Federal support has not kept up with need, in part, because our image of a typical college student needs updating. That 18-year old living in a dorm at a four-year college on his parents’ bill, is no longer the norm. While that student might have been worrying about money for entertainment, my students are budgeting for health insurance and childcare. The typical community college student is 28 years old, works while she goes to school, and takes an average of 5.6 years to attain an associate’s degree. Nationwide, a third of all community college students are the first in their family to go to college, and more than half are women. At my college, 72 percent are people of color. The provisions that the federal government has made to support college students no longer match the demographics or economics of our communities. At Montgomery College, the average income for our Pell grant recipients is $24,800 in one of the most expensive regions in the country. In Montgomery County, a family of four needs $80,000 a year to subsist without help. For students who are forced to take our loans because Pell grants are not available, default rates are high, according to a recent Brooking Institute study. Students’ explanation for these defaults is telling: the earnings of students who do not complete their degrees do not allow them to make the required payments. The report concludes that several factors would improve these outcomes—address more fully the challenges faced by students of color; improve degree attainment; and promote loan repayment that is tied to income, so that students are able to cover other expenses while they work.
Since the federal government promoted the expansion of community colleges through the Truman Commission, it has set the tone for the direction of higher education. Today it can do even more by increasing the maximum Pell grant award and pegging Pell grants to inflation. This would allow students to cover the true cost of living, stay in school, and continue making progress on their degrees. Research has shown that students who work too many hours while in school do not complete their degrees. A recent study of alternate tuition pricing at Montgomery College found that discounting students’ fifth class at 50 percent of tuition costs would incentivize full enrollment. Students who enroll full time are more likely to complete.
Making workforce development students eligible for Pell grants would help, too. Certificates are the fastest growing higher education credential. They are usually shorter and based on time in class rather than an industry exams required by certifications. They allow workers to fill gaps in our middle skills jobs and increase their earning potential, according to a study by the Georgetown University Center on Education and the Workforce. Almost half of my college’s students— roughly 27,000 students—are enrolled in these programs, where the average age is 35. These programs help students to get a good job at a good wage and to move up the career ladder. A home health care worker becomes a certified nursing assistant; an IT worker gets a Certified Information Systems Security Professional (CISSP) certification; a maintenance worker gets an HVAC certificate. Allowing Pell grants to be used for short-term trainings in high-demand areas would benefit students and our economy.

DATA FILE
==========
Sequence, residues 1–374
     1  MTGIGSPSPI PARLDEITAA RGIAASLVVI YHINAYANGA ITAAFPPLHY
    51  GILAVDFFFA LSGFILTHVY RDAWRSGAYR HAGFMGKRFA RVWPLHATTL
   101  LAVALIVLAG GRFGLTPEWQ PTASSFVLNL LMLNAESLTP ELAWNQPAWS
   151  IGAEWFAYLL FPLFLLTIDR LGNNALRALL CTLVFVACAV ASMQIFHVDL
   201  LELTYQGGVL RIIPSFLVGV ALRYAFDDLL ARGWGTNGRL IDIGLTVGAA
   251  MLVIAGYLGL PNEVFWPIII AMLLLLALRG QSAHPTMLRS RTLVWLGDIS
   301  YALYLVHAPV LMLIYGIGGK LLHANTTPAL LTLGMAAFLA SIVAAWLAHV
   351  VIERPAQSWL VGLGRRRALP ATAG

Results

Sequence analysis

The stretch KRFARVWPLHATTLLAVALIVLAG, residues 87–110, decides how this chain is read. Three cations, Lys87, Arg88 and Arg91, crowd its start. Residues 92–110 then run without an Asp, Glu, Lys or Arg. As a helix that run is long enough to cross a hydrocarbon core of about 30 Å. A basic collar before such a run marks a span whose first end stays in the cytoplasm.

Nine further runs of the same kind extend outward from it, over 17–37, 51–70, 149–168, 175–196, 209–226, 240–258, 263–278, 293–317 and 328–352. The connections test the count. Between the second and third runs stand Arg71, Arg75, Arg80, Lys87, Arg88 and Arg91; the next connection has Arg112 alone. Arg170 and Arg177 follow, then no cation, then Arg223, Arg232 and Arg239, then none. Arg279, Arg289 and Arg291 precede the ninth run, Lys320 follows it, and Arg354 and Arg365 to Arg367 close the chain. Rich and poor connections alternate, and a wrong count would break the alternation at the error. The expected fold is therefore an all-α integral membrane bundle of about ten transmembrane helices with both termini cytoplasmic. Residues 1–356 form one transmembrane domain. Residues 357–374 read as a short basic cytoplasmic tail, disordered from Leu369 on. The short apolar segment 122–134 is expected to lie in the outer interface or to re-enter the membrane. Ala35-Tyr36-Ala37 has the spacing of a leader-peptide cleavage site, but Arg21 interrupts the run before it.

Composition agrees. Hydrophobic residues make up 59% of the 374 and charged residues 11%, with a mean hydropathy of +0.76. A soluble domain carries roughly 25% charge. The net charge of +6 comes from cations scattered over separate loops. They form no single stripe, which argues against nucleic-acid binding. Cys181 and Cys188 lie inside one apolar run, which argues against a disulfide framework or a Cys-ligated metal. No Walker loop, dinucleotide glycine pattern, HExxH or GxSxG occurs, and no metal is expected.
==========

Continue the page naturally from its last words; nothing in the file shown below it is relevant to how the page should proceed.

Community college students form a rich tapestry of Americans working to advance themselves and contribute to their families and neighborhoods. They are workers who have been displaced by contractions in the economy. They are low-income students who are priced out of four-year colleges. They are immigrants and refugees who are learning English while they train for entry-level jobs. Their circumstances are different, but they are all part of a diverse fabric that makes up our nation. They are also essential parts of our labor force, filling critical gaps in middle skills job areas. In Maryland there are currently 20,000 unfilled jobs cybersecurity. Grants such as the Trade Adjustment Assistance Community College and Career Training grant are preparing students to fill them, among other jobs. Federal investments in community colleges shows that they already believe that community colleges are doing this work well.